Hundreds of graduates celebrated the fruits of their labours when they bade a successful farewell to Aberdeen University yesterday.
After years of hard work, there was a tangible sense of achievement among the recipients when they filed into the refulgent Elphinstone Hall to collect their degrees which, for many at the ceremony, represent the final stop before they embark on the next chapter of their lives.
A heady throng of graduates gathered in front of their families and loved ones to collect their awards across two ceremonies, in the morning and afternoon.
Among the honorary graduates accepting doctorates were Aberdeen-born environmental campaigner, Sara Parkin, BBC journalist and TV presenter, and university alumni, Nicky Campbell, and Nyovani Madise, a professor of demography and social statistics at Southampton University.
Mrs Parkin, who helped to launch the charity Forum for the Future, gave an emotional speech in which she paid tribute to her late father who had worked at the university.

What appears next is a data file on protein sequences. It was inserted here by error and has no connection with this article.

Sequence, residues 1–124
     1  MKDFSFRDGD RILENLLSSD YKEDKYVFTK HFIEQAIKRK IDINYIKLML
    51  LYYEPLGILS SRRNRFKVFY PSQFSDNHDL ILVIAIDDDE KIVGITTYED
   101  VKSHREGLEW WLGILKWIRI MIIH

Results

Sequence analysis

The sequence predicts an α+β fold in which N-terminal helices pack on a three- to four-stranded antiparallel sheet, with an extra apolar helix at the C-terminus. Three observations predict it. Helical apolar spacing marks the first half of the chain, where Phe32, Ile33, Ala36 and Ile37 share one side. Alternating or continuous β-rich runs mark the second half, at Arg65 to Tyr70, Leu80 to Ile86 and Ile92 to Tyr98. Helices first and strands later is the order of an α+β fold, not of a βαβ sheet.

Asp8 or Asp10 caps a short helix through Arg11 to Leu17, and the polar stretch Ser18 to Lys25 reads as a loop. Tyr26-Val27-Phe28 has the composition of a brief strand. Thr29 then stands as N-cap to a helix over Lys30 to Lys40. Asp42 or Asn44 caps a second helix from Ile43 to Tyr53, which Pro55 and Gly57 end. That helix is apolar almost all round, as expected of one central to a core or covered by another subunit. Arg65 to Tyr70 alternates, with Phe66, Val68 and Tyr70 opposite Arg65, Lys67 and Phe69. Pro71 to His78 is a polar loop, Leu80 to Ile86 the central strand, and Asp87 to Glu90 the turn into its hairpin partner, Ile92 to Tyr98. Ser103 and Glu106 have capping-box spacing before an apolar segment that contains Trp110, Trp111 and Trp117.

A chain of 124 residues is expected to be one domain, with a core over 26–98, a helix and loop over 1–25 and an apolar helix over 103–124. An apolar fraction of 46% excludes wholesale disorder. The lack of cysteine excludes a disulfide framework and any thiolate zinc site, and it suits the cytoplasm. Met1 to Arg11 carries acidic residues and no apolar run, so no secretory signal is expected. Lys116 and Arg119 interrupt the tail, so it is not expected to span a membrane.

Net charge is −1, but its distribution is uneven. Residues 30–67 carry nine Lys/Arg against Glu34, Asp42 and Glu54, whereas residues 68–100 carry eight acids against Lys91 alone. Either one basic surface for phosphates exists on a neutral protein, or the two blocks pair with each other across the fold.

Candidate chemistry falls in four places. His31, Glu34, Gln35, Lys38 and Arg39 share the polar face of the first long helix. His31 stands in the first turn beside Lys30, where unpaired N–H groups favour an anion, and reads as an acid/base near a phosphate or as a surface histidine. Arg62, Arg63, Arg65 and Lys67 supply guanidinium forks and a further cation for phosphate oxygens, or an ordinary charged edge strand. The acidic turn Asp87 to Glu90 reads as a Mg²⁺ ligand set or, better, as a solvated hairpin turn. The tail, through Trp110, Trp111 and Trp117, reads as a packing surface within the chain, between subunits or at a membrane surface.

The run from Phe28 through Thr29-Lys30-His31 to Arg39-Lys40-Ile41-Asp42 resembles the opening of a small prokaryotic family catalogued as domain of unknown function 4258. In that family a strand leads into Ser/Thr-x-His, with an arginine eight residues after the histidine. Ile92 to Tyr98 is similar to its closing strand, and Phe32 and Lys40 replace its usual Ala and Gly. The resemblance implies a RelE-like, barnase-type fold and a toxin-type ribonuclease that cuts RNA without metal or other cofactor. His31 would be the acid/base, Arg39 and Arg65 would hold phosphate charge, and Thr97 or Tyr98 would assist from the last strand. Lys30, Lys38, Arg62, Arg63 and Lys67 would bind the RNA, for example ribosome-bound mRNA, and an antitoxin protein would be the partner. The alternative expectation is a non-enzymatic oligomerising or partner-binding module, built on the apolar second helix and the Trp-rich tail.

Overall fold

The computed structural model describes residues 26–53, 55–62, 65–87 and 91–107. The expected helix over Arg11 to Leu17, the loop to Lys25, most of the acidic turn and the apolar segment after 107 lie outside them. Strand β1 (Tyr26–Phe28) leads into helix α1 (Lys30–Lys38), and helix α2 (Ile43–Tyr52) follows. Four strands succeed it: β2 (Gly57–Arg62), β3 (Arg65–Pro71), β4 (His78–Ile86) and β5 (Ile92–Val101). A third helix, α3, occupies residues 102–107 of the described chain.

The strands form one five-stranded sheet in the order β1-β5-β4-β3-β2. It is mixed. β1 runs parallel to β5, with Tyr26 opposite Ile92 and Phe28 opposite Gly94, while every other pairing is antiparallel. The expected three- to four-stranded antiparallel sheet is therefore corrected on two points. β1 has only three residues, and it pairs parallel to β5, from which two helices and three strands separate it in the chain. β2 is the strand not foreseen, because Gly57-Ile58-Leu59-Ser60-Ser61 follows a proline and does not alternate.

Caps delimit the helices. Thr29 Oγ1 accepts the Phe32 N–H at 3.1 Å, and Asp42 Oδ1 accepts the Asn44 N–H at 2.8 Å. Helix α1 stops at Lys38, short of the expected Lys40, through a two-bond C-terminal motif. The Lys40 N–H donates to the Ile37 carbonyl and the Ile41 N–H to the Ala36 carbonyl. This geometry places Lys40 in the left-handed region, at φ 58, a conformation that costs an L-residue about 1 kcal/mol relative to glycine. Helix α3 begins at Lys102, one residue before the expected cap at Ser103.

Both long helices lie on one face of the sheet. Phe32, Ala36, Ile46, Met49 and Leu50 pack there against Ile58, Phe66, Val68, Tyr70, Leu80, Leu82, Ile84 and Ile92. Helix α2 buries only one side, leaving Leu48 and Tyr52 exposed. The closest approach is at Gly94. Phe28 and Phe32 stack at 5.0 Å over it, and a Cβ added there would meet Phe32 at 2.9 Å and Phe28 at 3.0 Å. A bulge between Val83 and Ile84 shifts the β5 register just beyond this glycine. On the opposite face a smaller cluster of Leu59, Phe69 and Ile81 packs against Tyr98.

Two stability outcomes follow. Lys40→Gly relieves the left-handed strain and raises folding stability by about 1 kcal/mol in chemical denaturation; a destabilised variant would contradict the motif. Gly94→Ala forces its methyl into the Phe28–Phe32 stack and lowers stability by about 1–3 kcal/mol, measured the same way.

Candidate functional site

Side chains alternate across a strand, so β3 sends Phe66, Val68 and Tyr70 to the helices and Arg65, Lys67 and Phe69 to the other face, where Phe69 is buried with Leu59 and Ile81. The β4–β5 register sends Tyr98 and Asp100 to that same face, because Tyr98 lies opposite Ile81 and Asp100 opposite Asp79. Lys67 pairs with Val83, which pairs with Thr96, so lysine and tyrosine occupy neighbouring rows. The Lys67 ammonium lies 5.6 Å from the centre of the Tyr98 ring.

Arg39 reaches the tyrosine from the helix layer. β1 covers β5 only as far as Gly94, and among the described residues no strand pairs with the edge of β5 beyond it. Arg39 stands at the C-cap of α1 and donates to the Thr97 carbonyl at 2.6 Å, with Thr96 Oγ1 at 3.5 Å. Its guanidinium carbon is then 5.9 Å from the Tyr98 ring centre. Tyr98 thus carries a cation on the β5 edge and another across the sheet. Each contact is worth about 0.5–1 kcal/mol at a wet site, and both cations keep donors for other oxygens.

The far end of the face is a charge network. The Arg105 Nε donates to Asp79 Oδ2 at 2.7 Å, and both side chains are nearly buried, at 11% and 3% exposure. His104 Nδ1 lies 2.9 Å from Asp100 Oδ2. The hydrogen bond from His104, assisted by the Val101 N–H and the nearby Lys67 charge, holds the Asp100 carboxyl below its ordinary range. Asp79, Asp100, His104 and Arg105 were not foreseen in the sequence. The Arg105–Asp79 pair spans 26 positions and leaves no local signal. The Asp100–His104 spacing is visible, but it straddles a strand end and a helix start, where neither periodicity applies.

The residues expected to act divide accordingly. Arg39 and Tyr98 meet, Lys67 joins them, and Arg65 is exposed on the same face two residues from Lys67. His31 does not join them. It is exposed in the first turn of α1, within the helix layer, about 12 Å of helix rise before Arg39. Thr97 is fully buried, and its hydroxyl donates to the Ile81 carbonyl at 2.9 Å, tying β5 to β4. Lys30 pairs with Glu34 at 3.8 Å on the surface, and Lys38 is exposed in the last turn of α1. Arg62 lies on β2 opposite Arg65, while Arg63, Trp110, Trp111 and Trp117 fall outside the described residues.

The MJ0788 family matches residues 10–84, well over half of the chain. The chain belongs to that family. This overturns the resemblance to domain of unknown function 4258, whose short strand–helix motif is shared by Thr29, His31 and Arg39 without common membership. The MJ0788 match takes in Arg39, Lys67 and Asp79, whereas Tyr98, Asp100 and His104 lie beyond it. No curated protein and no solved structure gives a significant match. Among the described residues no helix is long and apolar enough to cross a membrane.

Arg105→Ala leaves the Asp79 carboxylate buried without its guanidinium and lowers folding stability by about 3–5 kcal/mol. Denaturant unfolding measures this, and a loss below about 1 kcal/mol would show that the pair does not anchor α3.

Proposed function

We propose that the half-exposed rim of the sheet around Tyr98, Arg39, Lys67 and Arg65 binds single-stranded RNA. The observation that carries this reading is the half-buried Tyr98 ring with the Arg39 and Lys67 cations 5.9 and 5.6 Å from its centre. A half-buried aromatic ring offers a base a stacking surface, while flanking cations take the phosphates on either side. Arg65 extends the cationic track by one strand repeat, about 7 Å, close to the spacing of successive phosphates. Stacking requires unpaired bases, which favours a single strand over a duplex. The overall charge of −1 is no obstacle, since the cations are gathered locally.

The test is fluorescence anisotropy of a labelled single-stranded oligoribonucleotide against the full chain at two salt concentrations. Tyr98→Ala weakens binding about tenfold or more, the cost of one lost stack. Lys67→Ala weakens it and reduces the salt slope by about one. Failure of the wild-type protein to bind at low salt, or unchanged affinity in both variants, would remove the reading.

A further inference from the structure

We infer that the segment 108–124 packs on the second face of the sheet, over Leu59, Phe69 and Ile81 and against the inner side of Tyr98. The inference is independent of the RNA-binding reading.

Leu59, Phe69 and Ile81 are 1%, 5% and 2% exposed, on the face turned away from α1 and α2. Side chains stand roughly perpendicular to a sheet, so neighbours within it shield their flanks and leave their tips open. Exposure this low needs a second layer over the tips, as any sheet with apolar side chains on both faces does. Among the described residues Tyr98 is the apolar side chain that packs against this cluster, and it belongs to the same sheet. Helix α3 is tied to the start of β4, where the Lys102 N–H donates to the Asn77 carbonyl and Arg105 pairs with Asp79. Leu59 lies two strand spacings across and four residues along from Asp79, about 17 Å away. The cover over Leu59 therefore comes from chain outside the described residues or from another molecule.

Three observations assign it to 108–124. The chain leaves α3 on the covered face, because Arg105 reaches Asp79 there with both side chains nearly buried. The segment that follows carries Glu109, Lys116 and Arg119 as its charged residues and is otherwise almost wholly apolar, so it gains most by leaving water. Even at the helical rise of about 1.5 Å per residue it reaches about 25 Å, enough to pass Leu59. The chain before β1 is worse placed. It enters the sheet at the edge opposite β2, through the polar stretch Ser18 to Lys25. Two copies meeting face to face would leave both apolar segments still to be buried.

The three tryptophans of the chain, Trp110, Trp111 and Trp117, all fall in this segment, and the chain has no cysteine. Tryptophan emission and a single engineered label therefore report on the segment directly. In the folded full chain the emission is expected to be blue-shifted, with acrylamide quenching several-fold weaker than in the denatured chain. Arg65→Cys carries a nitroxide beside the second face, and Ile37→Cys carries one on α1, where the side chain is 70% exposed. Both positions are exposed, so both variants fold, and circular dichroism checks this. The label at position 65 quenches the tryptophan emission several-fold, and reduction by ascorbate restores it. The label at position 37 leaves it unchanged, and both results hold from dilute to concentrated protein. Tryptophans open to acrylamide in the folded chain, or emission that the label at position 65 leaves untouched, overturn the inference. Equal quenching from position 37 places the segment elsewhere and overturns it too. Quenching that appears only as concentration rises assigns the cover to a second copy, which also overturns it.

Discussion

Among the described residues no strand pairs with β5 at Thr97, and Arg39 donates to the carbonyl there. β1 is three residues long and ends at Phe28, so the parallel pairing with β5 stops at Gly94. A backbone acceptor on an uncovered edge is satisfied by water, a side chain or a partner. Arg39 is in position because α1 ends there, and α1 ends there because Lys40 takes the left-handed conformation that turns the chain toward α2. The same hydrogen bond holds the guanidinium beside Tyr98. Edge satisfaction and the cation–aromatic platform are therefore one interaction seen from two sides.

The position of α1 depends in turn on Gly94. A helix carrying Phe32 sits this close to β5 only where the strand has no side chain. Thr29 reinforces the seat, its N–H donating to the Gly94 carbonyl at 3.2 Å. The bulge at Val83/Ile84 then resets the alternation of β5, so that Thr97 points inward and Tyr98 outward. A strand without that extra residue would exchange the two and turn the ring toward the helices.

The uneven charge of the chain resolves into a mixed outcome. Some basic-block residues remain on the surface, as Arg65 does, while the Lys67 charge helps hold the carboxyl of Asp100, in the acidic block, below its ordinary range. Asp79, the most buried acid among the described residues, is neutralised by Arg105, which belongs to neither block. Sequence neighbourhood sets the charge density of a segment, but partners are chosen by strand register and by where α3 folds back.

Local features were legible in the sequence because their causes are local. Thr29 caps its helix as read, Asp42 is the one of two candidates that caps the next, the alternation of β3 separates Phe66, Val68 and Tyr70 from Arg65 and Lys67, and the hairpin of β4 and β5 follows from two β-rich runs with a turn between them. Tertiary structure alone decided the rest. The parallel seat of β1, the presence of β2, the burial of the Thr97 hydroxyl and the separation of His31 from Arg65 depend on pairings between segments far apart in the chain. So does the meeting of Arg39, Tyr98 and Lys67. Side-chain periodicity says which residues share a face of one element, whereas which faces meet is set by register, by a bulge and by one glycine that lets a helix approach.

Proudly accepting her doctorate, she said: “This one’s for you, dad.”
The graduates were also addressed by Beth Smith, the university’s vice-chancellor.
She acknowledged that the past six months had led to an uncertain future for this year’s class of graduates.
But she urged everyone in attendance to continue to show “respect” and “kindness” to one another.
She added: “These are not easy times we are all now facing.
“Today is a beginning for you, a beginning in a world that is full of challenges.
“When you come down off this stage you will be a member of what many will consider an elite group and it appears that one of the reasons for the recent increase in divisiveness in society is that many people feel ignored by elites.
“So what we all have to remember, and what has not changed in 500 years, is we are all human beings and we respond well to kindness and respect and that no one deserves to be powerless.”